As you might expect from an animated movie about blue macaw parrots set in Rio de Janeiro during Carnival, this is a very colourful movie. The opening musical sequence features all kinds of jungle birds in a fun, catchy, follies-style production number, but unfortunately, the rest of the movie is kind of underwhelming by comparison. Jesse Eisenberg (remember him as Mark Zuckerberg in Facebook-movie The Social Network) lends his nebbishy rapid-fire voice to the character of Blu, a blue macaw who was taken from the jungle as a baby and raised in suburban Minnesota. One day a Brazillian ornithologist and animal-rescuer named Tulio arrives to whisk Blu and his owner Linda to Rio to meet (and mate with) Jewel (voiced by Anne Hathaway), the only other blue macaw left in the world. (Talk about performance anxiety!) As you might expect, even in Brazil, the rare birds are stolen and what ensues is the escape attempt by Blu, Jewel and their motley crew of bird (and dog) allies.
The plot is far from original, and even the formula (lots of colourful, animal sidekicks who help the main characters on a little quest) seems pretty typical of today’s animated movies. Nevertheless, Rio has some pretty good production values. The animation is well done: from the aerial camera-work over the beaches and slums of Rio, down to the very realistic-looking feathers (which are as essential to this movie as hair was to Disney’s Tangled). Everything looks good. Even the human characters look alright, though they still sport the exaggeratedly large heads and stylized features of cartoons (similar to the characters from Cloudy with a Chance of Meatballs, which is ironically not one of director Carlos Saldahna’s other movies).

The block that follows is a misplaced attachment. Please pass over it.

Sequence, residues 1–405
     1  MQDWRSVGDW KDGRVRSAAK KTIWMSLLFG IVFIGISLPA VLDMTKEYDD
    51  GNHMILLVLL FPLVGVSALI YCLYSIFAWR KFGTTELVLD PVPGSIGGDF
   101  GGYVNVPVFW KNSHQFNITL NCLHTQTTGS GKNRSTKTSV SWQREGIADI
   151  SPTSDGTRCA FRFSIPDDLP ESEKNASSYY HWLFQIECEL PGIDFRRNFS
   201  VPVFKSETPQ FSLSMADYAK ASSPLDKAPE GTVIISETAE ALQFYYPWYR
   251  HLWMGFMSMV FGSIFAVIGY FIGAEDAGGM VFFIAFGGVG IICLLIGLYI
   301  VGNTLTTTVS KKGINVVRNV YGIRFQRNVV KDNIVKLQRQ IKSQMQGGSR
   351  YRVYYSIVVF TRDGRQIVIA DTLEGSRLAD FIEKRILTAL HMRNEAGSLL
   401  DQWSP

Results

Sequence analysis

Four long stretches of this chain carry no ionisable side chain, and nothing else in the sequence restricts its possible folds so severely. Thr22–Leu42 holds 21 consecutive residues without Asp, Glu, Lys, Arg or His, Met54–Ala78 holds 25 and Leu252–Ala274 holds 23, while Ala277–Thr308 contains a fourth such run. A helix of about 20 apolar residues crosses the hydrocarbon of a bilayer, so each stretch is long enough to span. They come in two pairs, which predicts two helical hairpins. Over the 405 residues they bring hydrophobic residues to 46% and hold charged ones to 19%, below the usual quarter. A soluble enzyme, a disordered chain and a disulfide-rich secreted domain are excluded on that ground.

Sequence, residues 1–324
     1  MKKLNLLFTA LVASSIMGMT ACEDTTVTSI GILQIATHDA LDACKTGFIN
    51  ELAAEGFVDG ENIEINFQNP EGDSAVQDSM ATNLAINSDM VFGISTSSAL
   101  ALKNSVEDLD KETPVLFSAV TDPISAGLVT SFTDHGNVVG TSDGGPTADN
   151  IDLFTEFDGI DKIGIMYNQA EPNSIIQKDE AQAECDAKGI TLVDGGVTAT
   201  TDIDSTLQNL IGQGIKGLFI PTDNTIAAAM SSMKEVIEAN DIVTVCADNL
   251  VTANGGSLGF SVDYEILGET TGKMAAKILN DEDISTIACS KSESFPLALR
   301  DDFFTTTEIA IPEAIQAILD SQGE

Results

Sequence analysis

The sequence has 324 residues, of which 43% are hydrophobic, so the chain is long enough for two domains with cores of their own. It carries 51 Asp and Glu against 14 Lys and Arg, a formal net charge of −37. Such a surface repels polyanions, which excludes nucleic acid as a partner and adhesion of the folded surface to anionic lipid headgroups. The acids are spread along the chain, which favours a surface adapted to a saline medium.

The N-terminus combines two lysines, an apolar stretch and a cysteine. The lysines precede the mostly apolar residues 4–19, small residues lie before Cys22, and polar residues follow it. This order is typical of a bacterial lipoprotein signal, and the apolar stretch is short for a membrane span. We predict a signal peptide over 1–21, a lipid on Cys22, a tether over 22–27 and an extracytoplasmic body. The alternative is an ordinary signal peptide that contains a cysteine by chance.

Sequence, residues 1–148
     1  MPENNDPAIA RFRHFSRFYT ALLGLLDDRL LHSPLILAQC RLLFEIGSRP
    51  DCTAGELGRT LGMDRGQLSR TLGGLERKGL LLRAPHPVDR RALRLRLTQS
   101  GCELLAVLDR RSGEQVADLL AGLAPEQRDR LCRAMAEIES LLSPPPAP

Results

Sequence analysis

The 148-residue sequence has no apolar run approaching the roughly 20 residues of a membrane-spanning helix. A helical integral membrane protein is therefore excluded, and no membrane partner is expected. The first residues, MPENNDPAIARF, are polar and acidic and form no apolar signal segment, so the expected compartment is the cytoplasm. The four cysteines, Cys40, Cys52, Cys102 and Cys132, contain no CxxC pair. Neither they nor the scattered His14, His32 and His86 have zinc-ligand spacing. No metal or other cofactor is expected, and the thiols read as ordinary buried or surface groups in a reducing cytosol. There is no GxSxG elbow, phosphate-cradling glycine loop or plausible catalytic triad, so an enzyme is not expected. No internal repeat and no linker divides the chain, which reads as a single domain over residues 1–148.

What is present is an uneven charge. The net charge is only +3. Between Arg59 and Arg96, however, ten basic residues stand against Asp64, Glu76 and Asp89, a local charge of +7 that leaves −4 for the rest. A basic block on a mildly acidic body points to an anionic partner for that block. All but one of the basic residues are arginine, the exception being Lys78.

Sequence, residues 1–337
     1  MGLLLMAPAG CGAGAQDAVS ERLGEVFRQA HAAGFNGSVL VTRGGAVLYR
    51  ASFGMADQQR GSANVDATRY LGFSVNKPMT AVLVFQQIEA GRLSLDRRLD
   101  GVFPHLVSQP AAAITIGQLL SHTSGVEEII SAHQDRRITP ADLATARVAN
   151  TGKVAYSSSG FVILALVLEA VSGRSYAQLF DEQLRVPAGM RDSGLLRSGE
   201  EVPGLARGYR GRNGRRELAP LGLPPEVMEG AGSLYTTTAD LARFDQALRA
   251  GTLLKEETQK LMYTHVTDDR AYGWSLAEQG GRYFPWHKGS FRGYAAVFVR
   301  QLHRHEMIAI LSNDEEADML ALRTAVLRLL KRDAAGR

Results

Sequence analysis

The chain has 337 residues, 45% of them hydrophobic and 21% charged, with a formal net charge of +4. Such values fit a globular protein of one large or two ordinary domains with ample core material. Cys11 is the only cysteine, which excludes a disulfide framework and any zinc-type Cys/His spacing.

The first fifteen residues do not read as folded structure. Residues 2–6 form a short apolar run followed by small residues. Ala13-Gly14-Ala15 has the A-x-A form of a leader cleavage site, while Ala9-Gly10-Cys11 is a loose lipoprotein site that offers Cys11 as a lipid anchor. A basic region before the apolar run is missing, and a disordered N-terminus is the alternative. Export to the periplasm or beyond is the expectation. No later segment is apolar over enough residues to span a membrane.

The supporting cast stand out on their own. It didn’t really feel like much of a relationship had time to form between Blu, Jewel, and the others. Oscar-winner Jamie Foxx, and Black-Eyed Pea will.i.am play a pair of cool, hip-hoppy birds who help Blu find his way around the city (though most of the time they seem to be riffing off their own vibe). Tracy Morgan (who I never liked, not even on 30 Rock) plays a bull dog named Luiz, whose main theme seems to be the danger of ever-present drool coming off his jowls. I enjoyed both George Lopez as a hen-pecked daddy toucan who seizes the opportunity to help Blu as a way to take a break from his family duties; and Jemaine Clement (from Flight of the Conchords) who lends his unique voice to the villainous cockatoo, Nigel. Nigel/Clement even gets to do a musical number in the Conchords’ smooth talky-singing style.
All in all, Rio is OK fun, but it’s not very fresh or unique. Take Madagascar, trade one continent for another, trade a few furs for feathers, and you’re pretty much there. It’s unfortunate that even having an Angry Birds tie-in game (yes, even cross-promotion with Apple’s funnest mobile devices) and featuring some of the rarest birds on earth (so they claim) cannot prevent this movie from being kind of ordinary. (3.5 out of 5)